Archive for the ‘Reports’ Category

You Know You’ve Got a Great Team . . .

Wednesday, July 30th, 2014

. . . when in celebration of your company’s anniversary, they give you something,that they spent a lot of time working together on. I had such an unexpected pleasure on the 18th of June when, in celebration of Mandat Consulting Group’s 25th anniversary, they gave me a “rhino,” symbol of Dortmund’s concert hall (rhinos are very sensitive and hear extremely well) and thus the symbol for the city of Dortmund. The figurine is hand-painted with individual motifs appropriate to Mandat and its team members, each of whom “signed” it. I was touched.

Needless to say, this rhino now stands on my desk. Many thanks to Anne Hausen, Pascal Kowsky, Nadine Müller, Sabrina Schröter, Kerstin Scupin, Linda Vollberg, and Fabian Woikowsky for this splendid gift. I’ve said enough. Here it is:

Rhino 1

Rhino 2Rhino 3

Rhino 4Rhino 5

Rhino 6 Rhino 7
© 2014, Prof. Dr. Guido Quelle, Mandat Consulting Group, Dortmund, London, New York. All rights reserved.

Growth Leverage for Private-Equity Firms and the Companies in Their Portfolios

Wednesday, June 11th, 2014

“Who Pays the Piper Calls the Tune – What Private Equity Firms are Regularly Missing”—this was the title of my VIP-dinner speech on the evening preceding the German Private Equity Conference 2014, in Frankfurt. Before an audience of decision-makers and CEOs of private-equity firms, I addressed five factors that, from our consulting experience, often stand in the way of even more effective cooperation between private-equity firms and their portfolio companies:

  1. Too much focus on money
  2. Oversize controlling systems
  3. Poorly defined roles, competences, and responsibilities
  4. Lack of interest in people and processes
  5. PI: “Project Inflation”

The intentionally provocative presentation (“Too much focus on money?? In the private-equity sphere??”) produced an animated response and offered additional topics for discussion during the subsequent VIP dinner. The general tenor: A good relationship between company management and its private-equity shareholders rests on mutual understanding and trust, which in turn forms the indispensable basis for profitable growth.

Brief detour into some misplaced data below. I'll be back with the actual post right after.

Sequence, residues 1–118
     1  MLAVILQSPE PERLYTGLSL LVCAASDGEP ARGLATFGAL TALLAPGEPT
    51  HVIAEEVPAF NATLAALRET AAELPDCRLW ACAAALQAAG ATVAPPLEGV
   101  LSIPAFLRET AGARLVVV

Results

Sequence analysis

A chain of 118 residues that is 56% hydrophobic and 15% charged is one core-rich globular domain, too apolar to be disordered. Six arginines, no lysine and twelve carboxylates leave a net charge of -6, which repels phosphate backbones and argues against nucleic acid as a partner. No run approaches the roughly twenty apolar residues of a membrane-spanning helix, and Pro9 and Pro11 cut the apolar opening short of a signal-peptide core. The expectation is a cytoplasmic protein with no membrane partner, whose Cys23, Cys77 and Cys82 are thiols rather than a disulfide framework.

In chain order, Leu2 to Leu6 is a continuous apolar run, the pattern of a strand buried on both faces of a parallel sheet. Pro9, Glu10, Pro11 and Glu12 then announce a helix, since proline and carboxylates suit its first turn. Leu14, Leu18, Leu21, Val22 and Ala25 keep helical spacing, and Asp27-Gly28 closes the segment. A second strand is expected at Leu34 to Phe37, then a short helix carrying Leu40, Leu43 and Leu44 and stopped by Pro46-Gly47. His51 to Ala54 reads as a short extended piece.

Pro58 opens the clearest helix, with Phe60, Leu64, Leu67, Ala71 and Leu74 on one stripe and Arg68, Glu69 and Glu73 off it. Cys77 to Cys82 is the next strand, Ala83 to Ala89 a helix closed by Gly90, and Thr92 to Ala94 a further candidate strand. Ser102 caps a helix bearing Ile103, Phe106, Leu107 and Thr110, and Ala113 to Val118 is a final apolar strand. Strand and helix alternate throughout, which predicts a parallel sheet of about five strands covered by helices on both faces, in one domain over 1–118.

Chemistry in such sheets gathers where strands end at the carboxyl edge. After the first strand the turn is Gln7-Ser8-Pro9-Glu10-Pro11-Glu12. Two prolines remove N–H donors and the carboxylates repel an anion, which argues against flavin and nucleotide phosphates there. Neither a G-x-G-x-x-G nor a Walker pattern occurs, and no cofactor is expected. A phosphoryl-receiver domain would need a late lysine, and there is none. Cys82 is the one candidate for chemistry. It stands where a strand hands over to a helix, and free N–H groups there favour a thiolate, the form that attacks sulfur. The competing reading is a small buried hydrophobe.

If you would like to watch the speech, you can download a video of “Who Pays the Piper Calls the Tune” (ca 800 MB) here.

Over the next few weeks in this column, I’ll address each of the five points.

© 2014, Prof. Dr. Guido Quelle, Mandat Consulting Group, Dortmund, London, New York. All rights reserved.

The Power of a Brand

Wednesday, April 9th, 2014

Temple-Market Hong Kong: A crowded place, noise, people, almost chaotic, see pictures below. I needed tissues and went to a—well, let’s call it “drugstore.”

What did I get? Almost 7,000 miles, 7 time zones, 107 degrees of longitude and 30 degrees of latitude away from home I don’t get a no name product from Hongkong, I didn’t even get “Kleenex,” what wouldn’t have been a surprise for me. No, what I get is something I didn’t expect: “Tempo Petit Icy Menthol”. Tempo, a brand that is a synonym for tissues in Germany like Kleenex is a one in the US.

Do we really need to talk about the power of brands again? I don’t think so.

Temple Market Hong Kong
Temple Market Hong Kong


Entrance Temple Street
Entrance Temple Street

© 2014, Prof. Dr. Guido Quelle, Mandat Consulting Group, Dortmund, London, New York. All rights reserved.


Focus on the customer: Four Seasons Hong Kong

Wednesday, December 11th, 2013

During our stay at the Four Seasons Hotel in Hong Kong on the occasion of our annual meeting of the Million Dollar Club, a network of international consultants, a woman from our group asked for hot water and ginger. Unfortunately, there seemed to be no fresh ginger available. Upon further inquiry into the beverage, the woman received an apologetic answer: It would take a few minutes longer. Someone had been sent to the market to buy fresh ginger. Shortly thereafter, the woman got her drink. Please note: It was about 8:00 o’clock in the evening.
Two lessons:
1. Focus on the customer. The customer is to be taken seriously.
2. The decision was made on the front line; no manager was involved. The responsibility for making such decisions on their own was assigned to the employees.
I call that commendable. And please don’t come back at me with: “A high-class hotel like that should always have ginger on hand.” Please don’t.

© 2013, Prof. Dr. Guido Quelle, Mandat Consulting Group, Dortmund, London, New York. All rights reserved.